Rachel Dolezal is now 'jobless and living on food stamps'

Rachel Dolezal is now reportedly on the verge of homelessness, as she does not have a job and has been relying on food stamps.

In an interview with The Guardian ahead of the publication of her memoir, In Full Color, Dolezal stated that despite her current situation, she was "not going to stoop and apologise and grovel" for the events that led up to her being fired from her job at the National Association for the Advancement of Colored People.

NAACP leader outed as white, Rachel Dolezal

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NAACP leader outed as white, Rachel Dolezal
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NAACP leader outed as white, Rachel Dolezal
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Washington state civil rights advocate Rachel Dolezal is seen in the NBC's "Today" show studios in Manhattan, New York June 16, 2015. Dolezal, who has been accused of falsely claiming she is African-American, said on Tuesday she identifies as black and has been doing so since she was 5 years of age. Dolezal, in an interview on NBC's "Today" television show, said a major shift in her identity came when she was doing human rights work in Idaho and newspaper stories described her as transracial, biracial and black. REUTERS/Stephanie Keith
Washington state civil rights advocate Rachel Dolezal (R) hugs family member Izaiah Dolezal after her interview on the NBC's "Today" show studios in Manhattan, New York June 16, 2015. Dolezal, who has been accused of falsely claiming she is African-American, said on Tuesday she identifies as black and has been doing so since she was 5 years of age. Dolezal, in an interview on NBC's "Today" television show, said a major shift in her identity came when she was doing human rights work in Idaho and newspaper stories described her as transracial, biracial and black. REUTERS/Stephanie Keith
Washington state civil rights advocate Rachel Dolezal (C) smiles toward family member Izaiah Dolezal (L) while her son Franklin (R) stands nearby after her interview on the NBC's "Today" show studios in Manhattan, New York June 16, 2015. Dolezal, who has been accused of falsely claiming she is African-American, said on Tuesday she identifies as black and has been doing so since she was 5 years of age. Dolezal, in an interview on NBC's "Today" television show, said a major shift in her identity came when she was doing human rights work in Idaho and newspaper stories described her as transracial, biracial and black. REUTERS/Stephanie Keith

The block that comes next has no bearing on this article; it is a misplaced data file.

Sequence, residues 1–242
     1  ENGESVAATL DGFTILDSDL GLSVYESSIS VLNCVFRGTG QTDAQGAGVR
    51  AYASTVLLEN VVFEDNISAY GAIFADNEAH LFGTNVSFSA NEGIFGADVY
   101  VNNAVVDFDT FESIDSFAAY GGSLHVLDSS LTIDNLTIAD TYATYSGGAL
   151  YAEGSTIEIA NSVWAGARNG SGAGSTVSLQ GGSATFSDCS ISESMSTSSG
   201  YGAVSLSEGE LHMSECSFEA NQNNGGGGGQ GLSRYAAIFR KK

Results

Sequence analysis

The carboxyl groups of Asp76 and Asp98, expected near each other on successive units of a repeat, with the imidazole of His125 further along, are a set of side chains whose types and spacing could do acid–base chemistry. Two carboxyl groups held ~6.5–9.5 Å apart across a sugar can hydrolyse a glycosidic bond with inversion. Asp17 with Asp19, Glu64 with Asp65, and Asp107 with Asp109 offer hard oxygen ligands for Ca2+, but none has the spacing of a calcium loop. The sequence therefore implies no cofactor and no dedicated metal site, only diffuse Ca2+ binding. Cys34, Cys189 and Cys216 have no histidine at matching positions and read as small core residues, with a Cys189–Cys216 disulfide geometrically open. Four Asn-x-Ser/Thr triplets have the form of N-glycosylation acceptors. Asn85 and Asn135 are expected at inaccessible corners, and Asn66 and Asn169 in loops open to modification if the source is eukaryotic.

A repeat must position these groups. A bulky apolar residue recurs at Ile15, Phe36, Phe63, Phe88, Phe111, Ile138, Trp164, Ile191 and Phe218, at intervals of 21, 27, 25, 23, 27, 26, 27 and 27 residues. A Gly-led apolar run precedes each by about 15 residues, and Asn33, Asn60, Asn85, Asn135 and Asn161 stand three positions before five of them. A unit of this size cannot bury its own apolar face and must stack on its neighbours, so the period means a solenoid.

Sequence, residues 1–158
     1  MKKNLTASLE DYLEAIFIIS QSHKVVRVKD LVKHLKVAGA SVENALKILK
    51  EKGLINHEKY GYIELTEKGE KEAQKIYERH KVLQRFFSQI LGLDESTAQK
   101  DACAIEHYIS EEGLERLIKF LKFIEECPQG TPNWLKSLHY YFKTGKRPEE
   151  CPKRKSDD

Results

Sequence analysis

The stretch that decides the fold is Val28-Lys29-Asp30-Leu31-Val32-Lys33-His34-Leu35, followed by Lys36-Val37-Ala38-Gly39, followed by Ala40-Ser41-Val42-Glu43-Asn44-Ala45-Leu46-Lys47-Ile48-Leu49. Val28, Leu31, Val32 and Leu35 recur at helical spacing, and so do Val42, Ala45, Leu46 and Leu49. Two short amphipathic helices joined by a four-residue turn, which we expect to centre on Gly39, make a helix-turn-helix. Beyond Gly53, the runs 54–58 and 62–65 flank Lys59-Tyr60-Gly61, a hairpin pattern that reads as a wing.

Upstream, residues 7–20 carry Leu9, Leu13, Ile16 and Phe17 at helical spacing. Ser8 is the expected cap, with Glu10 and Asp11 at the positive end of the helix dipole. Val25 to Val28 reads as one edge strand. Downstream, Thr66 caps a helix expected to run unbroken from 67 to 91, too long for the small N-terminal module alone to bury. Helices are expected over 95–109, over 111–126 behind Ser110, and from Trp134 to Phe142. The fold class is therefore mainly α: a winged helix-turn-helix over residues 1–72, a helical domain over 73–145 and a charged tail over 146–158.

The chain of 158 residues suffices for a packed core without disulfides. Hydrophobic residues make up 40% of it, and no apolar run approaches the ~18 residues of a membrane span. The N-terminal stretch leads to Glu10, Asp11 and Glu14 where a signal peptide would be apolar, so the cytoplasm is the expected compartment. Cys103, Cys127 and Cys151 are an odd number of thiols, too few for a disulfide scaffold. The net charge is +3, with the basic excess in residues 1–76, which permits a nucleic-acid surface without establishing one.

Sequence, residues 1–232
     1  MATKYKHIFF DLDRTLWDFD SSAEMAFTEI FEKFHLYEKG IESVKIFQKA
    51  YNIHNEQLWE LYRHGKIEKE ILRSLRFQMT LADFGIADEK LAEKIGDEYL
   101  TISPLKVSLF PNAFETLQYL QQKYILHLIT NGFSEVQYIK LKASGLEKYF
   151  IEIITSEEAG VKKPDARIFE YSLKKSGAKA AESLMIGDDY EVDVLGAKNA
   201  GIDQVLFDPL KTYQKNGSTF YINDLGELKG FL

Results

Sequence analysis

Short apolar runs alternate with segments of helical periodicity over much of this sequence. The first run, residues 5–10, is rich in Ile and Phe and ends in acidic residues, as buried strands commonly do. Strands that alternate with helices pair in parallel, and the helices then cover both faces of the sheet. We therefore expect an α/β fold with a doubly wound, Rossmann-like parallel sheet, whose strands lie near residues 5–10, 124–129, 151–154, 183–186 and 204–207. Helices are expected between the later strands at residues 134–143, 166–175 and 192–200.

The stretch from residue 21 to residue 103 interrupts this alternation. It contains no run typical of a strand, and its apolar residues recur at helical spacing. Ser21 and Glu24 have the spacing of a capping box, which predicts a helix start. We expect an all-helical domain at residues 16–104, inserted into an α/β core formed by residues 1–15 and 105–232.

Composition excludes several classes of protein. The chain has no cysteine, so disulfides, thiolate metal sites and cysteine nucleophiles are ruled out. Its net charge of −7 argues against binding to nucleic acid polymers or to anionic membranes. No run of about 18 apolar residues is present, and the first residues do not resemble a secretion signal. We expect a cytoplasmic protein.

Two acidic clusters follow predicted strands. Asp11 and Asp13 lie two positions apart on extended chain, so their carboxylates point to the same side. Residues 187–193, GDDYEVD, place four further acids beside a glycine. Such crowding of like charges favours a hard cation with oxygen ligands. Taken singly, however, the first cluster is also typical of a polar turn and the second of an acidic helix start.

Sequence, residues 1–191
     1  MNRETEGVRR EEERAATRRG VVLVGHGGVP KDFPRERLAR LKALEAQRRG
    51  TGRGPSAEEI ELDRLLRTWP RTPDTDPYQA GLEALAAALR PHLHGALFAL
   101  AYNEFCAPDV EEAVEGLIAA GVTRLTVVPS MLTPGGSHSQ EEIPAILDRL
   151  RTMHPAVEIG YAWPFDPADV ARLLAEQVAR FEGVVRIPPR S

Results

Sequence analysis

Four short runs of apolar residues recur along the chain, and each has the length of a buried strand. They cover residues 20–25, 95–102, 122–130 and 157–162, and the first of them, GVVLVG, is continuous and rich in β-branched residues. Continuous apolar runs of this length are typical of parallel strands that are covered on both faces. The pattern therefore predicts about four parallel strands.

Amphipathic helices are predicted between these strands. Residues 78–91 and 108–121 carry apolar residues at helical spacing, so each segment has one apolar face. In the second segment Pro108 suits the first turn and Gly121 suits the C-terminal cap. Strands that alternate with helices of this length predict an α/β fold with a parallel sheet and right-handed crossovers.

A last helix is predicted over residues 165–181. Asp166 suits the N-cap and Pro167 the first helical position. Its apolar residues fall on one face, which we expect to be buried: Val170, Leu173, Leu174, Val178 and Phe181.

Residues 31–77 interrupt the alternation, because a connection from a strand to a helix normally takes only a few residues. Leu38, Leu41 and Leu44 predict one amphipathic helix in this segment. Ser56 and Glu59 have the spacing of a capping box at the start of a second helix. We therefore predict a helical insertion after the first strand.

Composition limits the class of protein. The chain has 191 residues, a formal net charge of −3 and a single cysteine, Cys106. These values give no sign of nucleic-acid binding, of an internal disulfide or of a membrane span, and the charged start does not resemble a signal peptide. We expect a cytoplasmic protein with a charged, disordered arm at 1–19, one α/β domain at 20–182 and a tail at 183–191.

People cheer during a protest in front of the National Association for the Advancement of Colored People (NAACP) headquarters in Spokane, Washington June 15, 2015. Rachel Dolezal, a civil rights advocate who has been accused of falsely claiming she is black, announced her resignation on Monday as leader of a local branch of the NAACP in Washington state. REUTERS/David Ryder
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When asked by The Guardian if she felt she had done anything wrong by being untruthful about her race, Dolezal insisted, "No, I don't. I don't think you can do something wrong with your identity if you're living in your authenticity and I am. If I thought it was wrong, I would admit it."

SEE ALSO: Rachel Dolezal to be featured at North Carolina MLK celebration

In her memoir, which was turned down by 30 publishing houses before she finally found one that was willing to print it, Dolezal said that she hopes to "open up this dialogue about race and identity, and to just encourage people to be exactly who they are."

She said that she hopes the book will "set the record straight" about her past and her upbringing.

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